March 14, 2014 Length: 12:45
Bobby Maddex interviews Fr. Serafim Aldea, a Romanian Orthodox monk who is starting a monastic community on an island off the coast of Scotland. Can you assist him in his efforts to raise the money needed to purchase the land?
Mr. Bobby Maddex: Welcome to Ancient Faith Presents. I’m Bobby Maddex, operations manager of Ancient Faith Radio, and today I will be speaking to Fr. Serafim Aldea, a Romanian Orthodox monk who is starting a monastic community on an island off the coast of Scotland. Fr. Serafim, welcome to the program.
Fr. Serafim Aldea: Thank you so much for inviting me.
Mr. Bobby Maddex: Tell me a little bit about yourself. Are you cradle Orthodox, are you a convert? How did you end up a monk?
Fr. Serafim Aldea: I’m pretty much both at the same time. I have been baptized, like everyone in a traditional Orthodox country, but I have been baptized in a time when Romania was a Communist country, so my parents don’t really have much to do with the Church. I myself discovered the Church when I was 18 or 19, so in a way I’m a convert as well.
Monasticism was never an option in the sense that when I discovered the Church and I discovered Christianity, I basically wanted it all or not at all. So it basically happened at the same time I entered the Church. I decided to become a monk, and then when my father-confessor finally gave his blessing, I entered a monastery.
Mr. Bobby Maddex: And where have you been serving up to this point?
Fr. Serafim Aldea: I entered a monastery called Râșca, which is in northern Moldavia. It is one of those painted monasteries, if you think of Voroneț or Gura Humorului, one of those that have paintings on the outside; Râșca is one of that group. And I’d been there until 2009, when I got a scholarship to do a PhD with Fr. Andrew Louth, in Durham in England on Fr. Sophrony’s ecclesiology.
Mr. Bobby Maddex: So why did you decide to start this monastery, and why in Scotland of all places?
Fr. Serafim Aldea: Now that I look back, it’s very easy to rewrite history. There’s always a temptation. The truth is my history with England at least started in 2003-2004, when I went to there to study for the first time for an MA. I felt this attraction to Scotland and especially the Hebrides, for no reason whatsoever. I just felt, “That is my home, and that is the place I must get back to sometime.” Then I entered the monastery, and then I thought I would live in Moldavia forever. Then I was offered that PhD, and then the first two months in my PhD, someone told me that there is an abandoned church in the Hebrides and would I want to go there? I know, looking back, I want to say I’ve been attracted by the saints there—St. Columba—the truth is that I’ve only discovered all that history afterwards.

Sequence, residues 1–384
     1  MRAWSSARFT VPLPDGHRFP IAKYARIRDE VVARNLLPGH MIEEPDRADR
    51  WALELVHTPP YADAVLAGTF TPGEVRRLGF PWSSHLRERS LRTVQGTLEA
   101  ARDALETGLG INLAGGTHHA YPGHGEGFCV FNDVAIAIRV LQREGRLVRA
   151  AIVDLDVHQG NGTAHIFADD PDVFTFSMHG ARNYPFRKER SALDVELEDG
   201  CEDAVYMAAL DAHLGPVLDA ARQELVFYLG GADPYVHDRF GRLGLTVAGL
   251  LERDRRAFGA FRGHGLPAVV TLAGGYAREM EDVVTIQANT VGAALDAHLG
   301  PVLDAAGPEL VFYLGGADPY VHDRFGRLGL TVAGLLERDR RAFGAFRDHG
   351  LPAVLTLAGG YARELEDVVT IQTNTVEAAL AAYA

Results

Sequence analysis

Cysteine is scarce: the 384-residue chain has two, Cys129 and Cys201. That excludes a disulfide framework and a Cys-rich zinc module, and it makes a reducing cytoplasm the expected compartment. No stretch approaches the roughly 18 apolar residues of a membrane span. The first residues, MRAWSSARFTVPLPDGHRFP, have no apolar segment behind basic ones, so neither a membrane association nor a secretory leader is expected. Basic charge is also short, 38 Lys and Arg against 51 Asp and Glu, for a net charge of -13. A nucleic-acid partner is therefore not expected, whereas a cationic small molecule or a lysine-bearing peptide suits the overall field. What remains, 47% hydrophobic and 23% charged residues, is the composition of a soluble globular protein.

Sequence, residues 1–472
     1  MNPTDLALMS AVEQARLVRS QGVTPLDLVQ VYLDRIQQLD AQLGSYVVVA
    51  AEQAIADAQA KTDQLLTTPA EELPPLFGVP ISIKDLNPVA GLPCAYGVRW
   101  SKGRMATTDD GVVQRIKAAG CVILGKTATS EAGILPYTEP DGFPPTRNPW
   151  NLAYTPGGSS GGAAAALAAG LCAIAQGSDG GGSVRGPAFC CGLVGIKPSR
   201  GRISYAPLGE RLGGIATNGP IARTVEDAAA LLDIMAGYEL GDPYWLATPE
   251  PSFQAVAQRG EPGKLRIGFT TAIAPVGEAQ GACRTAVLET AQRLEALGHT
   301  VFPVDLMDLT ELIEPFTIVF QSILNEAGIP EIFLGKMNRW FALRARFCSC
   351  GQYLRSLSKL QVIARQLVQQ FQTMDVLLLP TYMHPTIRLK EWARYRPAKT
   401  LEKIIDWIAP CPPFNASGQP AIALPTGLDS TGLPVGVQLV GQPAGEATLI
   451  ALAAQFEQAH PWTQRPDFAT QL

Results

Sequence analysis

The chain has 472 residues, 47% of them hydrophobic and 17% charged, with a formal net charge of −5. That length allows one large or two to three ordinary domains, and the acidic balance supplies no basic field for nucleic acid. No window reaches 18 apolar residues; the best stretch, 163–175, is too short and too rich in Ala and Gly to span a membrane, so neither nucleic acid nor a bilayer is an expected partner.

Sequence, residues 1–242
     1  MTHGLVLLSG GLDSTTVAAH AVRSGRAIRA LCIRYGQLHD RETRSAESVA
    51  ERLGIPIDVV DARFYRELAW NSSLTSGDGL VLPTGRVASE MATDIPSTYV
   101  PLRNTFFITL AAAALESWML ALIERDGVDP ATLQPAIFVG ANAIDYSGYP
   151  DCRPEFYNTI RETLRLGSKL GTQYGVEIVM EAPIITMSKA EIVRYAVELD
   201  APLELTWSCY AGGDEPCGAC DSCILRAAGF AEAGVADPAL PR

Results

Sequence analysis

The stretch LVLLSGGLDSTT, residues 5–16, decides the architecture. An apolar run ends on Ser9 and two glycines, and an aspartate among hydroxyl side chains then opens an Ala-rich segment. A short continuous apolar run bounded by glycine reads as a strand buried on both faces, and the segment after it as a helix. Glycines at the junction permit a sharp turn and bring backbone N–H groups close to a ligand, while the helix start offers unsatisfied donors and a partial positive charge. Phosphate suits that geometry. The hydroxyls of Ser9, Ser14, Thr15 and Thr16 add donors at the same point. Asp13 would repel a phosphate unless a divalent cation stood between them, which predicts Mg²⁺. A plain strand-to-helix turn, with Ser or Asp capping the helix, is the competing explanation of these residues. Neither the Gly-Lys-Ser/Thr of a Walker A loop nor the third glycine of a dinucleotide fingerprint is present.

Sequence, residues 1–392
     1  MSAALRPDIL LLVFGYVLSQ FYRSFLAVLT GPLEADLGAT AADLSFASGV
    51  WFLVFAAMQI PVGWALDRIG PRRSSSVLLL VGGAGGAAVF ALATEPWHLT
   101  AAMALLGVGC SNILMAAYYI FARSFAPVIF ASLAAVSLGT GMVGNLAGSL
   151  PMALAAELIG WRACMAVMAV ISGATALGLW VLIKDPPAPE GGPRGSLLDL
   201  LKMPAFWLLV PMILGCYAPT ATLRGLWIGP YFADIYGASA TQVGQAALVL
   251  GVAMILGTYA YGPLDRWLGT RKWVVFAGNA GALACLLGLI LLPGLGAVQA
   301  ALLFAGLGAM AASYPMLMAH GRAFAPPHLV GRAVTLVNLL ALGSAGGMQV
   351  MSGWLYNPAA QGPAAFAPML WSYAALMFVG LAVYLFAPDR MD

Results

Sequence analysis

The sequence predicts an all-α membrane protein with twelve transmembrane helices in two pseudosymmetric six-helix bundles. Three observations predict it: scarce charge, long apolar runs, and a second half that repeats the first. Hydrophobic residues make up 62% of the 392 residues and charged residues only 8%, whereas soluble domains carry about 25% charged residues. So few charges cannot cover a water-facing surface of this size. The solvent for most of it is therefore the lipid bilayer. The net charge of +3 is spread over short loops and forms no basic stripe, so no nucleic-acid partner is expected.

Mr. Bobby Maddex: Then what are your plans for the monastery? How large would you like to it to be? What will the monks do to help sustain the monastery?
Fr. Serafim Aldea: I don’t plan to have anything large, and in many ways I can’t actually do it. I can’t do it, because, being the UK, you’ve got a million planning permissions and ordinances and applications you have to fill, so I can’t build a very large building, but a small five-to-six monastic community seems excellent to me. What I envisioned is a monastery that is British, 100% dedicated to the Orthodox communities in Britain, and trying to somehow resurrect or reimagine that English or Celtic tradition of the Hebridean island. That is what I would really like to see.
Mr. Bobby Maddex: Tell me, Fr. Serafim, about the property you will be using for the monastery. You said it’s abandoned?
Fr. Serafim Aldea: Yes, it’s called Kilninian, which simply means “Church of Ninian.” It is a church that used to belong to the Church of Scotland until, I think, the ‘80s, when it was deconsecrated. After that it was bought by a group of Catholic monks who tried to establish a monastery. They couldn’t; they didn’t succeed. They couldn’t find land to buy; after a number of years, they had just given up. When they left, they just donated the church to us. So what we have is an empty, beautiful 1766 building, but unfortunately there’s no land around it, so there’s no other buildings.